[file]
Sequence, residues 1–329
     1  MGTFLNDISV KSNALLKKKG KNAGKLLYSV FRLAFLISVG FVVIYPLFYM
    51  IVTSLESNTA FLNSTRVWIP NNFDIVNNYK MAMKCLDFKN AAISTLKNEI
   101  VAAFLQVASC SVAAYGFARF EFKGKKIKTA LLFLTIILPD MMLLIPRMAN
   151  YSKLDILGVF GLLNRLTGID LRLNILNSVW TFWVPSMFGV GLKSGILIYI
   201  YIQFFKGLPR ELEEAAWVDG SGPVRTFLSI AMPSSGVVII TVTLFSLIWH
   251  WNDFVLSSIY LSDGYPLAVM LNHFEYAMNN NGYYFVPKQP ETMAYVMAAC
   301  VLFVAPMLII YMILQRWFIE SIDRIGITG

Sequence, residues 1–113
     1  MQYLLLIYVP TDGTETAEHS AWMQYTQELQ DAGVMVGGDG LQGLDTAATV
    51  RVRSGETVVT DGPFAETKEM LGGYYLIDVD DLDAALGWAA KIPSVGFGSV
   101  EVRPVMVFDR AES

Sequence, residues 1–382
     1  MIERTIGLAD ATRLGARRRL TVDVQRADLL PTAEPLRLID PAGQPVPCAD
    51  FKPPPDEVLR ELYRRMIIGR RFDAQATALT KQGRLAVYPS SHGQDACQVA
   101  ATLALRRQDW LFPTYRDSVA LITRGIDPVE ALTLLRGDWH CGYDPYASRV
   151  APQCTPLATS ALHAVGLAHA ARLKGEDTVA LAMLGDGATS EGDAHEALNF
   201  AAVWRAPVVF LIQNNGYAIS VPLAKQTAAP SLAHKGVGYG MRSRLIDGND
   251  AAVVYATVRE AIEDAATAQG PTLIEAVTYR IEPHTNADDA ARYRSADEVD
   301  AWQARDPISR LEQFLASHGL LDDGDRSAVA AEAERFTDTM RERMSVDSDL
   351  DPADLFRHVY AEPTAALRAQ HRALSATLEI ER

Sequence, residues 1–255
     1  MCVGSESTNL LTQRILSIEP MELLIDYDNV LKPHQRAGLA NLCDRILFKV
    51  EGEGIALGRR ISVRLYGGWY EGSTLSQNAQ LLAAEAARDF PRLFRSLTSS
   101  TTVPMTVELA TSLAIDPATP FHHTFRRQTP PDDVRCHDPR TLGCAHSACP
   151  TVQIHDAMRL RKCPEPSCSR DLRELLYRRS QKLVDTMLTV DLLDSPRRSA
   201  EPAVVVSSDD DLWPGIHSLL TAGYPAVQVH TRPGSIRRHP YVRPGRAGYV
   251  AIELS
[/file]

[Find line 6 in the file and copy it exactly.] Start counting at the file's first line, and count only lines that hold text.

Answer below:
   201  YIQFFKGLPR ELEEAAWVDG SGPVRTFLSI AMPSSGVVII TVTLFSLIWH